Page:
Just after 1 pm on December 31, 2016, a 24-year-old man became the last murder victim of the year in Chicago during a road rage incident which ensued after he hit another driver's Mercedes-Benz. This would mark the 762nd homicide out of a population of 2,695,598 in the Windy City, pinning them with such nicknames as "Chiraq" and "Killinois." This widespread bloodshed has left Americans -- specifically the city's natives -- questioning the motive and means of so much violence. Many are pointing fingers on who to blame.
ABC News contributor John Cohen is a homeland security and law enforcement expert who offered an explanation as to why we have seen such a quick increase in violence in major cities, citing the following: an increase in availability of illegal guns, an increase in gang activity, and law enforcement's increased willingness to enforce crime prevention policies. Poverty and the failing economic state may also be a factor.
Chicago's official data does not include area expressway murders, self-defense murders, and police shootings, which would bring the total number of homicides to around 781 -- a 56% increase from the previous year. There were 12 killings in Chicago over Christmas weekend alone. This has been their most violent year since 2001, when the city saw 667 murders.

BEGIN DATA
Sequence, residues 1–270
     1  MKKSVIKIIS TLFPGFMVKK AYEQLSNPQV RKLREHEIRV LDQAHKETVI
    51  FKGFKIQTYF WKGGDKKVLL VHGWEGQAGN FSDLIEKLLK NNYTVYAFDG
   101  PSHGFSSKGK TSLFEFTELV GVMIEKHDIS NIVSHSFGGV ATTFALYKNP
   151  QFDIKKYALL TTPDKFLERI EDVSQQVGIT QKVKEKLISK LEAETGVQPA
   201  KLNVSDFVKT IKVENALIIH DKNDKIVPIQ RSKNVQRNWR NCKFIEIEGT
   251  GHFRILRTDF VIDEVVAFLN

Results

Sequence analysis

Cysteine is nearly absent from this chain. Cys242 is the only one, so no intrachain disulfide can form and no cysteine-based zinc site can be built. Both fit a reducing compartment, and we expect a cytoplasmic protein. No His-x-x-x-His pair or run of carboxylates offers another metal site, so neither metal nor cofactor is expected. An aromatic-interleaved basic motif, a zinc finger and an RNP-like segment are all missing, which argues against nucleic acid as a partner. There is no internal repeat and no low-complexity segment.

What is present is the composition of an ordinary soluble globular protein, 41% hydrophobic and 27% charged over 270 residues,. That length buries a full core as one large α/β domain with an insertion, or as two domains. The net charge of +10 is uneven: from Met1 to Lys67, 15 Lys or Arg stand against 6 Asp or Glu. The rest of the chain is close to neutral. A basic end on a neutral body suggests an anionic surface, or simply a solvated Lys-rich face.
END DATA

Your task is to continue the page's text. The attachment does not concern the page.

Gun violence skyrocketed from 2,939 in 2015 to 4,331 in 2016. That equals over 1,300 more shooting victims. Chicago has a no open carry law, which means citizens will be charged if an unconcealed firearm is spotted. Citizens are allowed to conceal carry, but this is contingent upon specific locations. Areas such as schools are prohibited.
Chicago's strict gun laws have not been impactful on lowering crime rates, but many continue to suggest a "call to action" from legislature. Chicago Police Superintendent Eddie Johnson says his law enforcement team will implement a new strategy for 2017, and he is hopeful the city will see a major change in the violence. New police initiatives are set to take effect in hopes to ultimately make Chicago a safer city.
Astonishingly enough, Chicago is not the murder capital of the U.S. According to a survey chart in New York Mag, St. Louis, Missouri is. Murder rates are calculated per 100,000 people. There were 60 homicides per 100,000 in St. Louis compared to Chicago's which was around 16 per 100,000 last year.